print(fieldValue.ljust(fieldMaxWidth), end='')

    print() # Finish the row with a newline.

Sample output:

NAME                 YEAR_RELEASED
C                    1972
Python               1991

Example 4

Let’s insert more languages:

from firebird.driver import connect

con = connect('test.fdb', user='sysdba', password='masterkey')

cur = con.cursor()

newLanguages = [
    ('Lisp',  1958),
    ('Dylan', 1995),

cur.executemany("insert into languages (name, year_released) values (?, ?)",

# The changes will not be saved unless the transaction is committed explicitly:

Note the use of a parameterized SQL statement above. When dealing with repetitive statements, this is much faster and less error-prone than assembling each SQL statement manually. (You can read more about parameterized SQL statements in the section on Prepared Statements.)

After running Example 4, the table printer from Example 3 would print:

NAME                 YEAR_RELEASED
Lisp                 1958
C                    1972
Python               1991
Dylan                1995

Calling Stored Procedures

Firebird supports stored procedures written in a proprietary procedural SQL language. Firebird stored procedures can have input parameters and/or output parameters. Some databases support input/output parameters, where the same parameter is used for both input and output; Firebird does not support this.

It is important to distinguish between procedures that return a result set and procedures that populate and return their output parameters exactly once. Conceptually, the latter “return their output parameters” like a Python function, whereas the former “yield result rows” like a Python generator.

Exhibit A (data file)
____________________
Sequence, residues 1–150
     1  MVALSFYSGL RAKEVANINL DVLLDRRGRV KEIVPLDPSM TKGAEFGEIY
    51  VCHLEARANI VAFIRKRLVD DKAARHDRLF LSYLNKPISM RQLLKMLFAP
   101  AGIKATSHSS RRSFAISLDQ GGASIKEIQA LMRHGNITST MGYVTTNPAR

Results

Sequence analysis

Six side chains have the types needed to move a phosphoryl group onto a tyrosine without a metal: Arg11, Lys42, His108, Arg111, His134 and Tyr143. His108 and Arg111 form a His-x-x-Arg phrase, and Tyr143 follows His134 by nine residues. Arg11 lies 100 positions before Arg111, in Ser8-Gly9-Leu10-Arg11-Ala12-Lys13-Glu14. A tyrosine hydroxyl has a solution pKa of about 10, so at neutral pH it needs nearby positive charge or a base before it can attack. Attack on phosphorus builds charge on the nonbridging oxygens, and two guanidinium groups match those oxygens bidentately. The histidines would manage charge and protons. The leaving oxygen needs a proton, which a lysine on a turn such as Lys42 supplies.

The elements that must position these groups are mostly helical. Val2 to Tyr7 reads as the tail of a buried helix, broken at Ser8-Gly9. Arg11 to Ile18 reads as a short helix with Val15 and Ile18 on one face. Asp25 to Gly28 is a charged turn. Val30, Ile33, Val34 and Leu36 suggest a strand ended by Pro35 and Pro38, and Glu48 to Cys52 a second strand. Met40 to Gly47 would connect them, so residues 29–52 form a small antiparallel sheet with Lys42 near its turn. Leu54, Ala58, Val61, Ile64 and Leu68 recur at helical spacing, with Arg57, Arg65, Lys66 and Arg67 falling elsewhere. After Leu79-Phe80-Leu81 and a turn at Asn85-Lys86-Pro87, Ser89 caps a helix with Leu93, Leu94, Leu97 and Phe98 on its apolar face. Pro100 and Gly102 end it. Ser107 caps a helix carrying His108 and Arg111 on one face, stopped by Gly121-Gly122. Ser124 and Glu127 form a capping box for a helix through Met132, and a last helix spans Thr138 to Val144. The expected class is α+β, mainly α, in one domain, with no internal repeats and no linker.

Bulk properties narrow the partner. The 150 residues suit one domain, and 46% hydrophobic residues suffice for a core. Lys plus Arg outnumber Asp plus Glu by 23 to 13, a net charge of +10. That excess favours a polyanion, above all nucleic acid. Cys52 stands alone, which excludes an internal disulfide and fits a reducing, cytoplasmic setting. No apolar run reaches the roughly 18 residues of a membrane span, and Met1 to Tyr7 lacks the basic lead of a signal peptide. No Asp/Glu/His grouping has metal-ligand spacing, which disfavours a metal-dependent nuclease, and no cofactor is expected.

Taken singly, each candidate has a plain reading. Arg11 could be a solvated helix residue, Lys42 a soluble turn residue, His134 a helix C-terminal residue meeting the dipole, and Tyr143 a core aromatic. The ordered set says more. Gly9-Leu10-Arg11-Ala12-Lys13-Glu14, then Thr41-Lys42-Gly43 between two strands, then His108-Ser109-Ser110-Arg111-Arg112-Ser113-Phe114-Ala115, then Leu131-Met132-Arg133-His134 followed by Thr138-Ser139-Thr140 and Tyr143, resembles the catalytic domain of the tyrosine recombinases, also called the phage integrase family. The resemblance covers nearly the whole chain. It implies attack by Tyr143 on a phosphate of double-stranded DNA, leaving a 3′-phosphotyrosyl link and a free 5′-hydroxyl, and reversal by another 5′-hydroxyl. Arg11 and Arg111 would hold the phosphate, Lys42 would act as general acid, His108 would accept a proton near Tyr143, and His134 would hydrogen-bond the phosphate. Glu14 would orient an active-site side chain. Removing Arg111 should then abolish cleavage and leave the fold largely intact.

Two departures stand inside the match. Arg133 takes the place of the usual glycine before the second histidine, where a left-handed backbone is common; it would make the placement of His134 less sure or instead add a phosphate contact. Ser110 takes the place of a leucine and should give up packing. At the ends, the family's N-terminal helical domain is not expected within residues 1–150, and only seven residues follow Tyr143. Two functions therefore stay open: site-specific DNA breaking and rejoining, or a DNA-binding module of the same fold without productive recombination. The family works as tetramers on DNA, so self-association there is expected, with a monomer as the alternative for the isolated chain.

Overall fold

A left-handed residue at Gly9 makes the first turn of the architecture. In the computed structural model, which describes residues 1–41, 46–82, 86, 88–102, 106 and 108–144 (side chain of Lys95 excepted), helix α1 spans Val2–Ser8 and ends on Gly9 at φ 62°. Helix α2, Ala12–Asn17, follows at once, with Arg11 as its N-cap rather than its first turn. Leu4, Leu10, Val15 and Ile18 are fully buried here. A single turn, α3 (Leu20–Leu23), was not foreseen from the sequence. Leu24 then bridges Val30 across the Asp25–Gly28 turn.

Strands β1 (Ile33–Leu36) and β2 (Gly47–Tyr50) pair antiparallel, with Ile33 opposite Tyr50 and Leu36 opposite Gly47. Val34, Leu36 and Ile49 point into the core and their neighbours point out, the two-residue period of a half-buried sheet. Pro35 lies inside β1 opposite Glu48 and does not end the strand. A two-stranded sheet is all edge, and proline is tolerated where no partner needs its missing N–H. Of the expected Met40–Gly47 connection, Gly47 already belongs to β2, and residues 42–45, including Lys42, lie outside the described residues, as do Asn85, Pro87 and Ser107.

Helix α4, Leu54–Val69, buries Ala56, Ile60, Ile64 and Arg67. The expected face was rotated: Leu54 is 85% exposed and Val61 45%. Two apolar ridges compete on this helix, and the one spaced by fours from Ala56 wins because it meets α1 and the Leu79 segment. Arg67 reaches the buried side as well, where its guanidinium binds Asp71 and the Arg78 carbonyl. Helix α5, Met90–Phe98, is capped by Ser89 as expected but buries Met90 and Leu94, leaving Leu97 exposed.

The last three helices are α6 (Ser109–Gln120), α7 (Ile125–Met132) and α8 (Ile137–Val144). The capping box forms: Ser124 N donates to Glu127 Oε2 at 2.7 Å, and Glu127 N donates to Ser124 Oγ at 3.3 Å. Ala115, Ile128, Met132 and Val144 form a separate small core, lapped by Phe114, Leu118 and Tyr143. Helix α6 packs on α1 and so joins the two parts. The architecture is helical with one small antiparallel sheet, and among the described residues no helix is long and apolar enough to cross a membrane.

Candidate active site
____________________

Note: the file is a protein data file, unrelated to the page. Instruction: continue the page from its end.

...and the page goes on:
Firebird’s server-side procedural SQL syntax makes no such distinction, but client-side SQL code (and C API code) must. A result set is retrieved from a stored procedure by SELECT-ing from the procedure, whereas output parameters are retrieved with an EXECUTE PROCEDURE statement.

To retrieve a result set from a stored procedure with Firebird-driver, use code such as this:

cur.execute("select output1, output2 from the_proc(?, ?)", (input1, input2))

# Ordinary fetch code here, such as:
for row in cur:
    ... # process row

con.commit() # If the procedure had any side effects, commit them.

To execute a stored procedure and access its output parameters, use code such as this:

cur.callproc("the_proc", (input1, input2))

# If there are output parameters, retrieve them as though they were the
# first row of a result set.  For example:
outputParams = cur.fetchone()

con.commit() # If the procedure had any side effects, commit them.

This latter is not very elegant; it would be preferable to access the procedure’s output parameters as the return value of Cursor.callproc(). The Python DB API specification requires the current behavior, however.